Unfortunately, items (1)-(2)-(3) are tied up in events and there aren’t many meaningful elite-competition meets in the U.S. any more, and the U.S. government has traditionally not allocated funds for elite-athlete support (and none will be coming anytime soon in the current recession and deficit-spending era).

So the sport needs new events, new organizers, better television exposure and some tireless, active tub-thumping. Just like bowling, a dozen years ago.

Steve . . . help!


(You can stay current with Rich’s technology, sports and Olympic commentaries by following him at


  1. Sorry Rich, the best choice for the CEO position was, twice, not even given a serious interview; Bill Schmidt. The points you made in Steve Miller’s favor Bill has, in spades. He was the marketing exec with Gatorade who 1) signed Michael Jordan to the first major athlete endorsement deal, followed by many others 2) dealt w/ TV execs while developing the NBA All Star weekend/Slam Dunk contest, MLB Home run All star event & NHL All Star skills events 3) made Oakley from a “who?” to a major company 4) coached at Univ of Tenn during the Stan Huntsman heyday years as well as running several events at the 1984 Olympic Games and, oh yeah, was a bronze medalist @ 1972 Olympic Games in javelin. Bill’s resume’ reads like the USATF job description yet he was barely given the time of day for a job he wanted and would have made a major, positive difference. If Steve was involved in decisions that did not support even a serious look at Bill Schmidt as CEO that judgement alone disqualifies him for the position.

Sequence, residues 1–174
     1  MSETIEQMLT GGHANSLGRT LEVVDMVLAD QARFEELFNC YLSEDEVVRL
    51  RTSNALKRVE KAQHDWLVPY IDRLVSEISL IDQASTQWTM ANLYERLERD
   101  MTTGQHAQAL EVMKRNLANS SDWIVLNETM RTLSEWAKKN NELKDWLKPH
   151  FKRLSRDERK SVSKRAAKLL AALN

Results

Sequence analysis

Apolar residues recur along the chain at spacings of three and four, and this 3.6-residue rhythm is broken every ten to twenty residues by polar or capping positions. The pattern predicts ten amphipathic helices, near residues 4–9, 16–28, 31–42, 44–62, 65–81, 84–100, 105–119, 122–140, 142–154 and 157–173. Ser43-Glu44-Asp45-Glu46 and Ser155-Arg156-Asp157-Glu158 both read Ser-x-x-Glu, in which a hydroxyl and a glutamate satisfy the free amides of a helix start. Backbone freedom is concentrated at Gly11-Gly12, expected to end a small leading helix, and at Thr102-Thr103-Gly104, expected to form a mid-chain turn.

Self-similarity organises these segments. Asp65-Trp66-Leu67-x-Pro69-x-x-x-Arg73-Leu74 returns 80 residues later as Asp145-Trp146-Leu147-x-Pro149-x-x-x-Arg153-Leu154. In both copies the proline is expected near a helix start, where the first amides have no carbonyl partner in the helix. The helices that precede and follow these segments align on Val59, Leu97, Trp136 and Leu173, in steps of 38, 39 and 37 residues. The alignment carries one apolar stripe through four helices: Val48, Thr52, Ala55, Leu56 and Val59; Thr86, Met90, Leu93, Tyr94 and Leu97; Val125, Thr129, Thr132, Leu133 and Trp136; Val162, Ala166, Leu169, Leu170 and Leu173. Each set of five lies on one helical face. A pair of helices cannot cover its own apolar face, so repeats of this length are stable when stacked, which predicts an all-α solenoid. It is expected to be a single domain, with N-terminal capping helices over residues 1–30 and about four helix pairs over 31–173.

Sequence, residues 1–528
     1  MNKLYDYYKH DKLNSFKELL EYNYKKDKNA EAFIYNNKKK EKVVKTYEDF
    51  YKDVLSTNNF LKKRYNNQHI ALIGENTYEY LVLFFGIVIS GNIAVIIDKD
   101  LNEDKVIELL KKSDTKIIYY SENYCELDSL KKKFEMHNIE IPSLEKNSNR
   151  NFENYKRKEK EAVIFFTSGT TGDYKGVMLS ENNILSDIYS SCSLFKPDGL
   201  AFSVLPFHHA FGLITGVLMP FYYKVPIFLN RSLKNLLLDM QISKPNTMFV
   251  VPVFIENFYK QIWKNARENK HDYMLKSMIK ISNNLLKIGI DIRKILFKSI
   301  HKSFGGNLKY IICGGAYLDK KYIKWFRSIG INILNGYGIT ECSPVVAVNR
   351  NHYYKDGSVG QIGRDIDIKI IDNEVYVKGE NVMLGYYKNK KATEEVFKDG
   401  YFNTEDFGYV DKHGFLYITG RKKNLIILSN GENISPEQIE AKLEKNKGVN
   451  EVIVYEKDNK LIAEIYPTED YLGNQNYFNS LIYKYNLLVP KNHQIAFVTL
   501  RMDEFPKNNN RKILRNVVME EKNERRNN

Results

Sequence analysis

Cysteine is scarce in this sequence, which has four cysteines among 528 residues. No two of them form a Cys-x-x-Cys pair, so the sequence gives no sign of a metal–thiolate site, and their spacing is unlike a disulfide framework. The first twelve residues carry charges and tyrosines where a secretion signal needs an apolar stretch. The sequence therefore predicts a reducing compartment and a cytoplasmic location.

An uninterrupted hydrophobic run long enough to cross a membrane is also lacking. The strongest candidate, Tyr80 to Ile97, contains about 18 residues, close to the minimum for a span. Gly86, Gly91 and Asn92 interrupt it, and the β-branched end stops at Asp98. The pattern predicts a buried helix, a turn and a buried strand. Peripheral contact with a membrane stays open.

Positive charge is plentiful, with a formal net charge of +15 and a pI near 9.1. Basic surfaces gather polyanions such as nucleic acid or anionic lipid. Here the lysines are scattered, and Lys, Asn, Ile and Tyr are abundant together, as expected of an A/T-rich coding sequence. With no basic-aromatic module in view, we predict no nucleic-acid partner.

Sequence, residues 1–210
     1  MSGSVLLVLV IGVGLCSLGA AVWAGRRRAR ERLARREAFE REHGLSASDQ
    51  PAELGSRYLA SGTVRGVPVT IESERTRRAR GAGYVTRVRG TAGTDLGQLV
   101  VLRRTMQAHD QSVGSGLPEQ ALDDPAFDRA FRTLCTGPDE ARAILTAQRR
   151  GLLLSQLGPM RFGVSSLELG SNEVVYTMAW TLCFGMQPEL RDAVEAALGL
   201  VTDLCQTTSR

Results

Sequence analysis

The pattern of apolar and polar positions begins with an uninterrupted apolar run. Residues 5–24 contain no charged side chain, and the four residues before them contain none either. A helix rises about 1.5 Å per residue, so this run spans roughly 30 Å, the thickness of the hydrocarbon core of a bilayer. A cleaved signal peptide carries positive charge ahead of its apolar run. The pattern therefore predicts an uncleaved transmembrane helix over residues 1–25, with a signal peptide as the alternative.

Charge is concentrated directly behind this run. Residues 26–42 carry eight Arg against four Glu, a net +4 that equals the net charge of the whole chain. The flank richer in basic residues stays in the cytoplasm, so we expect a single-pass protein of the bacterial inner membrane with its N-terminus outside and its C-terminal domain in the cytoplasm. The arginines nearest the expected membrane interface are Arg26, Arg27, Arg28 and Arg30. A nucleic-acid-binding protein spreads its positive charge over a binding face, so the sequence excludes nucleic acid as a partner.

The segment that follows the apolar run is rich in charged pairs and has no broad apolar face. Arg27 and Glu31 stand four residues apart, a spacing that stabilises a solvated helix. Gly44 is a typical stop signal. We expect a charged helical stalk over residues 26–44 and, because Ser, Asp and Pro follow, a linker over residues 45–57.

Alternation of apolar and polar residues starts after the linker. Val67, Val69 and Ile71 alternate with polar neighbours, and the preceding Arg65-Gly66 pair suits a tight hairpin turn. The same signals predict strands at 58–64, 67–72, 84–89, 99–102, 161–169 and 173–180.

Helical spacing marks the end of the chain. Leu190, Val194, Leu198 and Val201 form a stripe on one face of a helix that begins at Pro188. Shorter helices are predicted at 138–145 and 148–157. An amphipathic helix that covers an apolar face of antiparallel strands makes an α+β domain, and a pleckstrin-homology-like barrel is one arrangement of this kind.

2. I don’t doubt that Bill Schmidt is a highly qualified candidate for the USATF CEO position. But, my believe for the past 20 years is that the best person to run track’s NGB is by far Steve Miller. He has the international experience from the high-up executive positions he held with Nike as well as knowing the ropes of American T&F. A big misconception people in the U.S. make is comparing USATF with leagues such as NBA, MLB, NFL, NHL, MLS (didn’t we just learn this mistake?,) etc. USATF is a non-for-profit National Governing Body. NGBs have a different purpose and focus from leagues (one example: follow the money path.) Miller has built winning track programs starting back to when he was a high school coach on the South Side of Chicago. He is the Hitman we need to raise track on the public and corporate awareness scales.

  3. “In fact, that a Board member will not become CEO is a pity, because the best candidate – by far – sits on the Board today: Steve Miller.”

    Rich, how do you know this? I say that Sam Seemes is the best candidate. Prove to me that Steve Miller is better.

  4. Mike- Steve Miller as CEO is a moot point: USATF/USOC by laws do not allow board members to also act/be selected as CEO. From my time as an event chair w/ USATF High Performance I know how screwed up this organization is and having known and worked with Bill for over a decade I can tell you he’s the guy USATF needed.

  5. Steve Miller would be an excellent choice..The sport needs a leader who understands how to promote a sport in todays competitive sports world.

  6. He’d never take it. Why leave a great job paying much more money without all the political bull[expletive deleted] for USATF?